We ventured out on New Year's Day, but again because it was so snowy we decided to keep it local and just went up Walla Crag and down Cat Gyll. After the view from the top we went through the stile and found a trio of snowmen, Pete picked Bella up for the photo and balanced her on one of them but she was not too happy at first. It took quite a lot of coaxing from me before she posed for the shot.
You can see that she is hanging onto that snowman's head.
Bella and I making our way down by the wall towards Cat Gyll which was very slippery too.
I have some more photos to show you tomorrow of our walk on Thursday in very deep snow sometimes over the knees on Dob Gill towards Watendlath via Shivery Knott.
This photo might intrigue you but not Pete and Paul Ross who climbed that vertical strip of bare rock behind my right shoulder in the photo and as far as I know; no one has ever seconded that achievement, not even some of your top climbers. So take a good look at it because the climb was named 'The Walk on the Wild Side' and its on Upper Falcon Crag. I remember being at work at Kendal College when he was climbing it and I could not concentrate on my job for worrying about him as I knew it was a tough one. Anyway, in the afternoon I rang home and he had just got in, whew that was a relief.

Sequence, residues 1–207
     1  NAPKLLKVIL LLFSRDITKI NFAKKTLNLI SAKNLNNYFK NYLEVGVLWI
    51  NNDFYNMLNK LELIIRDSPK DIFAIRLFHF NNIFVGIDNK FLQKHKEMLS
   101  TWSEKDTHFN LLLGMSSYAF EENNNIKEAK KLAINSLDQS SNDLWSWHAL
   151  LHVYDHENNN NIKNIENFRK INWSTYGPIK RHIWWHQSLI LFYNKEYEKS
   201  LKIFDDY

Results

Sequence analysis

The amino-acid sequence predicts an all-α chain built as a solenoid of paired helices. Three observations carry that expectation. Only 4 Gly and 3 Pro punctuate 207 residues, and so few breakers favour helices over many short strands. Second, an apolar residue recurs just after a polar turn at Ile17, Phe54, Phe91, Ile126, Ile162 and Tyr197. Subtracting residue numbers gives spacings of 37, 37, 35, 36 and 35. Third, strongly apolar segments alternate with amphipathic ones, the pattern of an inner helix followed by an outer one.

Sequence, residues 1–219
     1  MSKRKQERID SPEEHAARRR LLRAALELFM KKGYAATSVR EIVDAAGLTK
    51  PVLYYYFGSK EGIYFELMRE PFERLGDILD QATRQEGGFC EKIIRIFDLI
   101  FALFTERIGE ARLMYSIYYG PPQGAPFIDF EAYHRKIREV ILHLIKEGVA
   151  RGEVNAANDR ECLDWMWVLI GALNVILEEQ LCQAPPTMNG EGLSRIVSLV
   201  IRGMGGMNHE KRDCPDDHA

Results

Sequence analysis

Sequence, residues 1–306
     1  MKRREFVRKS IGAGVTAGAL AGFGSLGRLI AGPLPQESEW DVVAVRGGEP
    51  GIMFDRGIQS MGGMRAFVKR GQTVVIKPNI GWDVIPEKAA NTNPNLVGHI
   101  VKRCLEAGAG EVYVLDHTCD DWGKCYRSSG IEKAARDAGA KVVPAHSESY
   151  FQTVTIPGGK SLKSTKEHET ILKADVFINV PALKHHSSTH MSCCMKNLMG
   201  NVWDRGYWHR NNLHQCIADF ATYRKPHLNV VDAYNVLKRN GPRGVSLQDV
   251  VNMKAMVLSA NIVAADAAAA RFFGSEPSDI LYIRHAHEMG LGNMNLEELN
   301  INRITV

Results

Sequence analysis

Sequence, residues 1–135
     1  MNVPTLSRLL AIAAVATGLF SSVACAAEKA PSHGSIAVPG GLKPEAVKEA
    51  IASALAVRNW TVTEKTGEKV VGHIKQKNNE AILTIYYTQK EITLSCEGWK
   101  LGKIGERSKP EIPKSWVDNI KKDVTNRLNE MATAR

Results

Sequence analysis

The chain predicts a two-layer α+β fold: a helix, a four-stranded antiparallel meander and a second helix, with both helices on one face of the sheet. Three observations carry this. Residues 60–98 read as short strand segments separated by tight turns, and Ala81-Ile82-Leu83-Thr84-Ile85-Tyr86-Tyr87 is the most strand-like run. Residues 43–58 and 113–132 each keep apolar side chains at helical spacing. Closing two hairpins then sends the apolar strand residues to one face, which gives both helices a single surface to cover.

So next time you are strolling along the footpath gazing at Derwentwater beside Falcon Crag take a look up and see for yourself or you might like to go to this link which Paul Ross submits climbs to and see the route described for yourself.
The link will take you to all the Falcon Crag climbs and you just need to click on the one you want from the list. So if you like me are interested in the local heroes who put up some of the best climbs around here you can follow what Paul posts onto the site in the future. You will also see if you delve around on that link that Paul now lives in the US and he is still climbing new routes, wow that should impress you. Have fun.